Along the way, Assassins probes deeply into the nature of the American dream - this is, we're reminded, a country where some have much and many have little, but also one where the mailman can win the lottery.
—Joff Schmidt, CBC theatre reviewer
"Angry men don't write the rules/And guns don't right the wrongs./Hurts a while but soon the country's/Back where it belongs."
Those are lyrics that could've been written yesterday, or the day after the Newtown shootings. They were written more than 20 years ago by Stephen Sondheim, as part of his 1990 musical Assassins - a fresh, feisty piece of musical theatre given a pristine production by Toronto's Birdland Theatre and Talk Is Free Theatre.
The two companies bring their award-winning co-production (twice mounted in their hometown) to the MTC Warehouse as part of SondheimFest, and the festival is richer for the inclusion of it.
Assassins is a curious musical indeed. Blending a range of American musical styles, from Dixieland to bluegrass to Sousa marches, it focuses on nine men and women who tried to kill (or succeeded in killing) an American president, from John Wilkes Booth, who killed Lincoln, to would-be Reagan assassin John Hinckley.
Along the way, Assassins probes deeply into the nature of the American dream - this is, we're reminded, a country where some have much and many have little, but also one where the mailman can win the lottery. And it's a country which relatively frequently tries to kill its leader.
Joe Matheson steps up to the mic in "Assassins" (Bruce Monk)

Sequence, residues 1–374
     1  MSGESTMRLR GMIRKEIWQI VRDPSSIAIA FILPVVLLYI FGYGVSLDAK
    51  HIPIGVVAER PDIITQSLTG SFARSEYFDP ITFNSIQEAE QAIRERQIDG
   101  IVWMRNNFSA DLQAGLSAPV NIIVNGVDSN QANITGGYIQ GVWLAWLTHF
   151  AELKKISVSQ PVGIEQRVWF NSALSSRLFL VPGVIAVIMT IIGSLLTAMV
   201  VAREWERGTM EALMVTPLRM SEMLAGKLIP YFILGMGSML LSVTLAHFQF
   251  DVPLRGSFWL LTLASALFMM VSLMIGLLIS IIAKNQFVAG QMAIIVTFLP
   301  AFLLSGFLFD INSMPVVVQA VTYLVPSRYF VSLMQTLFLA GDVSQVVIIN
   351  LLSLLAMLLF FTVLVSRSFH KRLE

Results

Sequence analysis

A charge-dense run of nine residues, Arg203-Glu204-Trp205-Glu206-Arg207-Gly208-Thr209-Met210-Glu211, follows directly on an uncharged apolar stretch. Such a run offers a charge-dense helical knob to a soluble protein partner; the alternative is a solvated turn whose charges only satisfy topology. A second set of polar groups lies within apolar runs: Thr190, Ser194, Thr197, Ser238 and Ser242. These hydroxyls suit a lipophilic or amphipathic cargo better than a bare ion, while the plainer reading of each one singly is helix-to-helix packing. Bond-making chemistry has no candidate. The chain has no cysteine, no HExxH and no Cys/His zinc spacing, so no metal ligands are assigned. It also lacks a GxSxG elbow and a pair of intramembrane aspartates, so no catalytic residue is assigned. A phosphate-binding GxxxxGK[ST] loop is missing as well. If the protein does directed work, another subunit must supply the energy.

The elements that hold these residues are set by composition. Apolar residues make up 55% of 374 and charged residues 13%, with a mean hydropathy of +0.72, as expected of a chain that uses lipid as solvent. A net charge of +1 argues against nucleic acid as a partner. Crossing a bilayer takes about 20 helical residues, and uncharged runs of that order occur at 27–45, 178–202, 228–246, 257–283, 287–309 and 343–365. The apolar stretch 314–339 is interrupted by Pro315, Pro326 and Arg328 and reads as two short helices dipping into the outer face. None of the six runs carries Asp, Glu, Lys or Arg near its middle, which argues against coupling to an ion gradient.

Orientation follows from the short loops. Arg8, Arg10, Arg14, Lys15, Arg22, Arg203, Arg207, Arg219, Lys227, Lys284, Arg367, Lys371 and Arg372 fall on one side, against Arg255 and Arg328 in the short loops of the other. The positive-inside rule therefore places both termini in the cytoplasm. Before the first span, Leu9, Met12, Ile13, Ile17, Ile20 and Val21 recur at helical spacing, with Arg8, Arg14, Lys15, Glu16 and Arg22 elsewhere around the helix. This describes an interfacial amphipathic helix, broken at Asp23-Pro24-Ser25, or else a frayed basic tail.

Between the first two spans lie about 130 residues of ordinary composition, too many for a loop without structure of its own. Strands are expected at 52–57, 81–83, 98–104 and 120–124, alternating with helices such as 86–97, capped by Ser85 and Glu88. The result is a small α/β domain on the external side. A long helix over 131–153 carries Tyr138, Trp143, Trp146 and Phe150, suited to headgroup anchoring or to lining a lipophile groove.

Only a lyricist with Sondheim's wit (he's responsible for music and lyrics, with a very clever book by John Weidman) could make this funny. But it is - uproariously, absurdly, and bleakly comically so. Take, for example, these lyrics from the show opener, "Everybody's Got the Right": "Hey pal, feeling blue?/Don't know, what to do?/Hey pal, I mean you/Come here and kill a president."
Of course, it takes talented performers to unlock the comedy in material this dark, and director Adam Brazier's 13-member cast rises admirably to the challenge. With their four-member backing band (under music director Reza Jacobs), they form a note-perfect ensemble, impressively mining the opportunities Sondheim and Weidman give to make surprisingly sympathetic characters out of these killers.
Steve Ross' Garfield assassin, Charles Guiteau, is hilariously self-aggrandizing; Melody A. Johnson gives Sara Jane Moore, one of the two women who attempted to kill Ford, an endearingly quirky quality with spot-on comic touches; and Graham Abbey earned a spontaneous round of applause on opening night for a devastatingly dark and funny monologue as Sam Byck, who planned to kill Nixon by flying a plane into the White House.
The entire cast, though, turns in fabulous performances. And even in its spoken dialogue, Brazier's production has a perfectly-paced, musical rhythm.
By the time it reaches its touching conclusion (after a snappy, intermissionless 110 minutes), Assassins
has made us laugh, moved us, and provoked us with questions about our society and who we truly want to be. It's hard to ask more from an evening of theatre.
hits the mark. Make sure you don't miss it.Assassins runs at the MTC Warehouse until February 2.